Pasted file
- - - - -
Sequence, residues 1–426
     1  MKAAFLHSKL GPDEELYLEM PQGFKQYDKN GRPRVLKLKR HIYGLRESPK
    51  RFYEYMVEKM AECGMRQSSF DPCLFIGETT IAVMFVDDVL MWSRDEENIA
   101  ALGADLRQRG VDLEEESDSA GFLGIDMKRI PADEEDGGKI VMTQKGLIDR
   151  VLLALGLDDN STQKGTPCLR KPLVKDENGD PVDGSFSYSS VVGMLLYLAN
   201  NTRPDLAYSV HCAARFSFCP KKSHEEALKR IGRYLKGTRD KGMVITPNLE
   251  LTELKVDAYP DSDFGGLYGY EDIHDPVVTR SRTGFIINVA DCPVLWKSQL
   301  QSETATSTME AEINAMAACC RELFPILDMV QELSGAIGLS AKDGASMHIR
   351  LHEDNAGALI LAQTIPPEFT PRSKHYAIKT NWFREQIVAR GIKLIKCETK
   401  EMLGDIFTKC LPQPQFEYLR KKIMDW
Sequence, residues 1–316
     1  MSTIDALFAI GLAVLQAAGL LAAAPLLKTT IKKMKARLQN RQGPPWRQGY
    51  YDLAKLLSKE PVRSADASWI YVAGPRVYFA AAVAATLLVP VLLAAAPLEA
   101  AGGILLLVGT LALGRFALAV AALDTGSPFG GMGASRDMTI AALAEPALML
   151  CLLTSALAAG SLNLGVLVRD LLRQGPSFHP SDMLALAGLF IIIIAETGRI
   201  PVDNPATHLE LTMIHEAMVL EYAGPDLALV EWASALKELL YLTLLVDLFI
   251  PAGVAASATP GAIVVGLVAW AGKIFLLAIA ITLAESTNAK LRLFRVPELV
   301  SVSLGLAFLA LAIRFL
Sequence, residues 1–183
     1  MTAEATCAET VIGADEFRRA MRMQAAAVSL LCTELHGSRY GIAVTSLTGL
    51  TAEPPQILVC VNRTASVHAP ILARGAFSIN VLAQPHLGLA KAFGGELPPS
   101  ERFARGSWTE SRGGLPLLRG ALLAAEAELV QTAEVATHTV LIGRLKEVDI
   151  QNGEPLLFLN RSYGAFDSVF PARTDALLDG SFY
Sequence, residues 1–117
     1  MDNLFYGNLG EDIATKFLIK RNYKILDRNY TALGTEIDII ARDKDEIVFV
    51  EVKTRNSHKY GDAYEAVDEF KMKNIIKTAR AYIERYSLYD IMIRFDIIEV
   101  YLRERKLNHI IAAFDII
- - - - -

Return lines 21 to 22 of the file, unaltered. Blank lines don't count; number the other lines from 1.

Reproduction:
    51  TAEPPQILVC VNRTASVHAP ILARGAFSIN VLAQPHLGLA KAFGGELPPS
   101  ERFARGSWTE SRGGLPLLRG ALLAAEAELV QTAEVATHTV LIGRLKEVDI